The problem is, the film seems mostly unaware of the gravity of what it has done, and becomes a straight romance from that point on. WALL-E composer Thomas Newman‘s warm synth-infused score pours over the tragic tale of a pair of lone accidental voyagers, linked romantically by happenstance, A-List attractiveness, and some good, old-fashioned, thrust-free, PG-13 space-sex. Aurora is a writer whose sole unmotivated contribution to the plot (apart from making her fella some breakfast and patching up the robot bartender with her makeup skills – no, I’m not joking) is some schmaltzy “Dear Diary” voiceover from the terrible book she’s writing to be read by no one, talking about how they’re all just Passengers on the ship of fate and they didn’t plan to find each other but they did and I almost literally fell asleep while typing this. Like the put-upon ’50s housewife that she is, Aurora is helpless to advance the story, which constantly denies her agency and punts her from one life-altering decision to the next. But hey, at least we get to watch her jog and swim a bit, right? Make no mistake: This film’s concept and treatment of Aurora is obscene. And its script, characters, and Avalon itself conspire to force Aurora to fall in love and get betrayed, then tap their collective foot impatiently because they can’t wait on her precious timetable of forgiveness. Stuff’s exploding and we need to fall in love and fix it already!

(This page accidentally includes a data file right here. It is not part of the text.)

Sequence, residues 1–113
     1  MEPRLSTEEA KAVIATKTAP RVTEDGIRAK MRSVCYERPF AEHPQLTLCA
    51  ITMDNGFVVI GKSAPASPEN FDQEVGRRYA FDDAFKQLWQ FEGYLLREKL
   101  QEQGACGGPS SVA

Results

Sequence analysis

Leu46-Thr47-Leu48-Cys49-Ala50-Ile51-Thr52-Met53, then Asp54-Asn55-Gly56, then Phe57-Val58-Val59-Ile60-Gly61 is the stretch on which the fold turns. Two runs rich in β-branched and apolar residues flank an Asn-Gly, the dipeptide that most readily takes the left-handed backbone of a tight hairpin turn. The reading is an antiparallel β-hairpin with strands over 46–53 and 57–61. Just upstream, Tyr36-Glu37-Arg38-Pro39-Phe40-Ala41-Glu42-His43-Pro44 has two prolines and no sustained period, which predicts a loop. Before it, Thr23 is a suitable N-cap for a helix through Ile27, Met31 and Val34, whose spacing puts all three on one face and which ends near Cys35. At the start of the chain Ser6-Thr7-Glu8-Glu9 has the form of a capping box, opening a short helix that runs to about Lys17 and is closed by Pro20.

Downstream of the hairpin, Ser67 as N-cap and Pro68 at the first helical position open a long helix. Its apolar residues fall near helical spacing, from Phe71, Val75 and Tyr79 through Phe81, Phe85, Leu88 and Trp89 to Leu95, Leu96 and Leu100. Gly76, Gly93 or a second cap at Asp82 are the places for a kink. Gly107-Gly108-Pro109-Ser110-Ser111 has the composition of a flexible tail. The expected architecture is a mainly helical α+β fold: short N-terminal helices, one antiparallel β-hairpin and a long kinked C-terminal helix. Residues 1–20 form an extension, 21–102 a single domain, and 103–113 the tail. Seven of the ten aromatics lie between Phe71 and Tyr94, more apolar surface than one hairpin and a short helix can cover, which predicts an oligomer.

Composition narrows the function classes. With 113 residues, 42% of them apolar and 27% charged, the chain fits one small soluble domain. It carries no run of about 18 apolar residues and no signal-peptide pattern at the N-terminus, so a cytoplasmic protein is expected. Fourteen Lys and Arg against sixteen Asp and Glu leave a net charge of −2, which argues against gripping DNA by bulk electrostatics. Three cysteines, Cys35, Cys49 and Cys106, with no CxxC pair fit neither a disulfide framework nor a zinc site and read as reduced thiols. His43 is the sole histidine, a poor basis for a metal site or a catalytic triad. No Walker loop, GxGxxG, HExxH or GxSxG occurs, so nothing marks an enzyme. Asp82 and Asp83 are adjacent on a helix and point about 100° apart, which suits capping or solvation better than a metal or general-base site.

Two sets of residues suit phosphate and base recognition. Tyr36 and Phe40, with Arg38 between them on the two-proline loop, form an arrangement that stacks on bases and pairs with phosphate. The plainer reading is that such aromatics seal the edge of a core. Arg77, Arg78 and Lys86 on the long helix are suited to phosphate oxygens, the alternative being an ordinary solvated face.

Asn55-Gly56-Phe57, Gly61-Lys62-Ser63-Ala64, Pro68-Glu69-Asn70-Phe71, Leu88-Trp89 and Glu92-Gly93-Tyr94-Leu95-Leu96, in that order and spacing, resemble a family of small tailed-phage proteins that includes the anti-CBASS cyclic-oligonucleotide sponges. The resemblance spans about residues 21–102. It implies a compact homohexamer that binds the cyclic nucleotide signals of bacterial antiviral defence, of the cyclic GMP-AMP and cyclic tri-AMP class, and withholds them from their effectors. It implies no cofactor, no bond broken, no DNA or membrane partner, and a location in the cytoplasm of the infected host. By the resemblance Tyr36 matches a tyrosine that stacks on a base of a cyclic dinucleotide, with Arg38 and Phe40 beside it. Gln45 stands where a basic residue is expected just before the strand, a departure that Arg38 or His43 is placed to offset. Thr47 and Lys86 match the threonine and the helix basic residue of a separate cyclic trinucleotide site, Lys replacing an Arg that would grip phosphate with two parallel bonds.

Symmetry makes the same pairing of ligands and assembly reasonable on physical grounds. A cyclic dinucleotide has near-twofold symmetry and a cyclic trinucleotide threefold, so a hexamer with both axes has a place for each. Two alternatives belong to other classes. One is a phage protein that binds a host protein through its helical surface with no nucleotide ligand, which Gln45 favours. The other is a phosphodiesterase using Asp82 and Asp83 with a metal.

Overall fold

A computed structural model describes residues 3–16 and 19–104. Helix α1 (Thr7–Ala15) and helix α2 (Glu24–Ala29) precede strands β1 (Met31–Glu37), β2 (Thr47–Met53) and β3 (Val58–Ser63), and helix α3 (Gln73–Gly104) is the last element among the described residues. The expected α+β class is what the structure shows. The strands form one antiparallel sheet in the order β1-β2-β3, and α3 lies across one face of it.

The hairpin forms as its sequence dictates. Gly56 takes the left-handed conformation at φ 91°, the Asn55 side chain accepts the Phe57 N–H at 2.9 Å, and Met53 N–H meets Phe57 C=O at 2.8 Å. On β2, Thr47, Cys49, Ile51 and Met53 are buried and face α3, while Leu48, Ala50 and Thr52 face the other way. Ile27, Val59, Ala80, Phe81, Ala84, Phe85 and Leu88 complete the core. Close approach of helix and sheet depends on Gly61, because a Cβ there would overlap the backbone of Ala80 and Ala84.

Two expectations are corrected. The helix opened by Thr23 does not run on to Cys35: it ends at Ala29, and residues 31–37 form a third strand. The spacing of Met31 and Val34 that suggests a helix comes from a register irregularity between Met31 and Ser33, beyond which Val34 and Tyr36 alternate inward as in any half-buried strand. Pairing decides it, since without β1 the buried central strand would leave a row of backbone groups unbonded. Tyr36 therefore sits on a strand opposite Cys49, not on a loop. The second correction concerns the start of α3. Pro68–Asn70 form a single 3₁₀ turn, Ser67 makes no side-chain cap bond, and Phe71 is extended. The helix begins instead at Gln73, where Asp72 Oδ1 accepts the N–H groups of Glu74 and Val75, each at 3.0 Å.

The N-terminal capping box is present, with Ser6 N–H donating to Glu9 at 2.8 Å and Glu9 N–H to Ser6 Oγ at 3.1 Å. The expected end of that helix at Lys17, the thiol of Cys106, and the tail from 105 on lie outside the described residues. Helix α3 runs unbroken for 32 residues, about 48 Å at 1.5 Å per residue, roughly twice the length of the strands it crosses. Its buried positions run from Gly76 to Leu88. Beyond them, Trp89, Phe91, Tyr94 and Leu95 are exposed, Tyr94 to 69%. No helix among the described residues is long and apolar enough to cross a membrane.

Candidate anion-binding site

Laurence Fishburne briefly (accidentally) awakens as a member of the ship’s crew, and honestly, I was a bit relieved. He quickly realizes what Jim has done to Aurora, and I expected some sort of human moment between the two non-murderers aboard the ship. One in which J-Law could look at him and say, “That was pretty f’d up, right? Does this ship have a brig?” And then he could nod, and they could learn to play chess for the next 90 years. But no – instead, he gives them just enough information about the ship to let them bumble around fixing it, hands his authorization wristband to Jim rather than Aurora, and tells her that a drowning man (he means Jim!) will always try to pull people down with him, and “that don’t make it right”, but… And then he coughs, which poorly written movie characters only do when they’re terminally ill, and is dead a few minutes later from unspecified ailments inflicted by his rapid unscheduled thaw. This would be an excellent time for Aurora to point out, “See what happened to that guy? You risked that exact thing happening to me. Dick.”